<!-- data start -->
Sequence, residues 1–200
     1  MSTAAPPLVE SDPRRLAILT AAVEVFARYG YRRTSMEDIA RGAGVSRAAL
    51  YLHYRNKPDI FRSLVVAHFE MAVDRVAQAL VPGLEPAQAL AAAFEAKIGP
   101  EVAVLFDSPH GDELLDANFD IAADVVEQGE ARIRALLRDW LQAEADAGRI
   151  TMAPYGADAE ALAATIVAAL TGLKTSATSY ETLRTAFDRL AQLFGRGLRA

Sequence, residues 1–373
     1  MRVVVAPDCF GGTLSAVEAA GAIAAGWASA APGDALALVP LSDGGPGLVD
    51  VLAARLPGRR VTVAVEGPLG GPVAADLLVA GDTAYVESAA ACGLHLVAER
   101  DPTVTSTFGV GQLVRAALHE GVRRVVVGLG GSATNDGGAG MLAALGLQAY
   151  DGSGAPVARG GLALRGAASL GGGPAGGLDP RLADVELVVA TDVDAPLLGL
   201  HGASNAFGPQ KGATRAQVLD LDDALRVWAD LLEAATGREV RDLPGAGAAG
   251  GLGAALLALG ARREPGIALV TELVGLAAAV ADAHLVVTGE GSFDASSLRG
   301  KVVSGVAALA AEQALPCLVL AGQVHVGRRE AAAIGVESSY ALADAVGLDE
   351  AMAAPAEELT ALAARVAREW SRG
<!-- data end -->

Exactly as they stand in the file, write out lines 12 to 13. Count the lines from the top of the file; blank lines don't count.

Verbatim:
   251  GLGAALLALG ARREPGIALV TELVGLAAAV ADAHLVVTGE GSFDASSLRG
   301  KVVSGVAALA AEQALPCLVL AGQVHVGRRE AAAIGVESSY ALADAVGLDE